I like an architecture that recognizes and enhances the potentials of its site and context. Architecture should be a result of an interdisciplinary process that draws from the vast knowledge available today from materials science to global ecology in order to be intelligent and responsible. But further to that, and that’s the biggest challenge, architecture should still be simple and pure and allow for the enjoyment of the fundamental phenomena of light and material.
On 3D design software in his process
3D design software is absolutely essential in our process. Starting with Steven’s watercolors, we build elaborate 3D models and go through many iterations which we test with 3D prints in a rapid prototyping process. As the project progresses, especially if the geometry is complex, we keep adding detail to the computer model until every corner condition and handrail termination is resolved. It’s an indispensable design tool.
On the state of design software
Design software has been heavily monopolized for a long time, leaving innovation up to a small number of major players. I think therefore design software has not taken full advantage of the possibilities of today’s technologies. It may be difficult for newcomers to establish themselves in that kind of monopolized environment but then again digital technology lends itself very well to disruption.
On his favorite project
My favorite project is the Reid building at the Glasgow School of Art — it’s the first project I was involved in from the beginning to the end and it was great to see how the students embraced it and used its sculpted interior to explore their own creative expression.
On projects that represent his unique approach
The Glasgow School of Art Reid Building and the Maggie’s cancer caring center in London are both good examples for Steven’s approach in dealing with a prominent historical context by introducing something radically different, which in turn preserves the integrity of the existing.
On his dream project
I think there is a confluence of different factors that make a project ideal. Apart from an interesting context and program it is definitely important to have a client who understands the importance of ambitious design and is supportive through the often difficult phases of the design, approval and construction process.
On disruption or innovation in architecture
Unlike with digital technology I see architecture innovate slower and in a nondisruptive manner. I have been wanting to see more intelligent, ‘living’ buildings built by robots with skins that can adapt to the changing environment and generate their own electricity etc. and there are many promising developments in that regard, but none of this happens over night. I think architects need to accept that their discipline is not developing at the same pace digital technology is exactly because of its materiality and the way many different components need to come together to make it happen. Nevertheless I think that buildings in general will become much more like biological systems in that they manage resources more efficiently and are much better integrated in their environment in general.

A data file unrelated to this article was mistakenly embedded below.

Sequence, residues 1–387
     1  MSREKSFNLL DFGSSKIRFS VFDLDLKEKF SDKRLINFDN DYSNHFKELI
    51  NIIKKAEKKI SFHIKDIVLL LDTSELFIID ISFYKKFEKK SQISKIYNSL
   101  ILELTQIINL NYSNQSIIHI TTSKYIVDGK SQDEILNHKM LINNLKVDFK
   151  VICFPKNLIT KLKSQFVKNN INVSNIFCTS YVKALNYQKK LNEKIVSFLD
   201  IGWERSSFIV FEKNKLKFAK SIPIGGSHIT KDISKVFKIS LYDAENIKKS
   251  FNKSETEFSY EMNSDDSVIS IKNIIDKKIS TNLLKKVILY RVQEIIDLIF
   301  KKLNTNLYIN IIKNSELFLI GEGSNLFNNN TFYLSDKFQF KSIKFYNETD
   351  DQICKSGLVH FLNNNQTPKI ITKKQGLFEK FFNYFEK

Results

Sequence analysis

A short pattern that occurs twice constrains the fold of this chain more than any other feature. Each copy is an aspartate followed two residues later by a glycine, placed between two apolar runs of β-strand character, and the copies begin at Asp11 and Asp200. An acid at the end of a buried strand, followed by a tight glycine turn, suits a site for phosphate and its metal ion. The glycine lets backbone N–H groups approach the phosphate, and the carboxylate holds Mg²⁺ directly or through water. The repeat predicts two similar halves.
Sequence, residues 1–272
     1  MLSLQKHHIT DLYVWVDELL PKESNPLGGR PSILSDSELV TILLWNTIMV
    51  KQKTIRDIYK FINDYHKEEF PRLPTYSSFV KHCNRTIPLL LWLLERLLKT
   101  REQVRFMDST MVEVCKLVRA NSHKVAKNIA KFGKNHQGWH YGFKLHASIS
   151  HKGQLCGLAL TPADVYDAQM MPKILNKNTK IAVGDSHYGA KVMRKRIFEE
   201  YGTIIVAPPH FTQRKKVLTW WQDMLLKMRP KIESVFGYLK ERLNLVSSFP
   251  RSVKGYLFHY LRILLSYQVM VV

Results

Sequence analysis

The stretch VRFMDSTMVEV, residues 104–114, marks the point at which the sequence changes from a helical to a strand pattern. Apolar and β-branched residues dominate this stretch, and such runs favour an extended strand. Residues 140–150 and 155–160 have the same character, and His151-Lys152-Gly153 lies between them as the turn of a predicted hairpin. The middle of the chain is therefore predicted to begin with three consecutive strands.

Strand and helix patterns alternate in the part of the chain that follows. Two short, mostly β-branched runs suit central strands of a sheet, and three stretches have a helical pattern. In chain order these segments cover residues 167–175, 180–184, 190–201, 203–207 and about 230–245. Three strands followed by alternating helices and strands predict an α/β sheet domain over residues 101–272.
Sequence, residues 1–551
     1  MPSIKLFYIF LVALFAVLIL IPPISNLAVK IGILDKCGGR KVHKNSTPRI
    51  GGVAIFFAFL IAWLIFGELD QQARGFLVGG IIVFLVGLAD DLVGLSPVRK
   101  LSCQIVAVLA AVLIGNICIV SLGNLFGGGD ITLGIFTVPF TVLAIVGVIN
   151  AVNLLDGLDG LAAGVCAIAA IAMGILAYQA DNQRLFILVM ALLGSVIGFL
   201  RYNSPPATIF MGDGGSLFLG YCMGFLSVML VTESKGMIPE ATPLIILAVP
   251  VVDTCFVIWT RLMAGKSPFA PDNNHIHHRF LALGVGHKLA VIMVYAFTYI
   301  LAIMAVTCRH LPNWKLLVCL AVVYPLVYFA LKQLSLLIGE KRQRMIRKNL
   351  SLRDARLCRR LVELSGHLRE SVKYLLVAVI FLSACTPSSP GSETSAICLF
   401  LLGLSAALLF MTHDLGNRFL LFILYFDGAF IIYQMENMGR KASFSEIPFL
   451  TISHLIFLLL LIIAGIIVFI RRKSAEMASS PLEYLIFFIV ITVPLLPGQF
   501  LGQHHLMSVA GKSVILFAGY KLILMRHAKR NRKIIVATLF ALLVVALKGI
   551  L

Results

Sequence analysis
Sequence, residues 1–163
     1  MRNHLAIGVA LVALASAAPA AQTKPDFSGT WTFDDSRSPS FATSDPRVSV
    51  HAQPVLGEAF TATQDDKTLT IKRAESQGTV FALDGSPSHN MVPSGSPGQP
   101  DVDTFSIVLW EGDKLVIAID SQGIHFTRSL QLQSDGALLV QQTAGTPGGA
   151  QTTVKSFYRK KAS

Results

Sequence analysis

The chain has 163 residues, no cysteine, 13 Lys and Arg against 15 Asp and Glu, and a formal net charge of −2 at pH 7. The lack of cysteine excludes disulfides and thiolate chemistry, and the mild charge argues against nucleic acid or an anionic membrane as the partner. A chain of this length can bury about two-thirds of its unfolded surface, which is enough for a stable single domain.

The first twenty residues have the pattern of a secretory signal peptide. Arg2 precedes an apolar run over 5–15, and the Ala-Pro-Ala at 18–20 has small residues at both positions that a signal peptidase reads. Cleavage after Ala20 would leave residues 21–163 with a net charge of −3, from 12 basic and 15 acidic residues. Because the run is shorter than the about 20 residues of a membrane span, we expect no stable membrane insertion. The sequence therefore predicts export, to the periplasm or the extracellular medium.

On the future of architecture in the next 5–10 years
5-10 years are a small timespan in architecture. It can easily take 45 years for a midsize project from start to end and I’ve seen projects take 8-10 years to get done. When I was in school I envisioned a world where buildings are built by robots and grow like biological systems, with materials and mechanical systems completely integrated. A lot of research on this was already being done then and is still ongoing with many interesting developments but the truth is that implementing these technologies into the building industry proves to be difficult — whether this is because of true technical and practical problems or simply because of a certain conservatism and reluctance from the construction industry’s side. However, it’s clear that architecture will be increasingly influenced by the digital design and fabrication capabilities that are getting developed. In terms of architectural language I feel like there is still a search for a purity and clarity in the digitally driven creation of architecture as far as fully functional buildings go.
On advice he would give his younger self
I would probably try to beat my younger self into learning computer programming so that I would now have a solid leg in the fast growing field of information technology which would in turn enhance my design practice.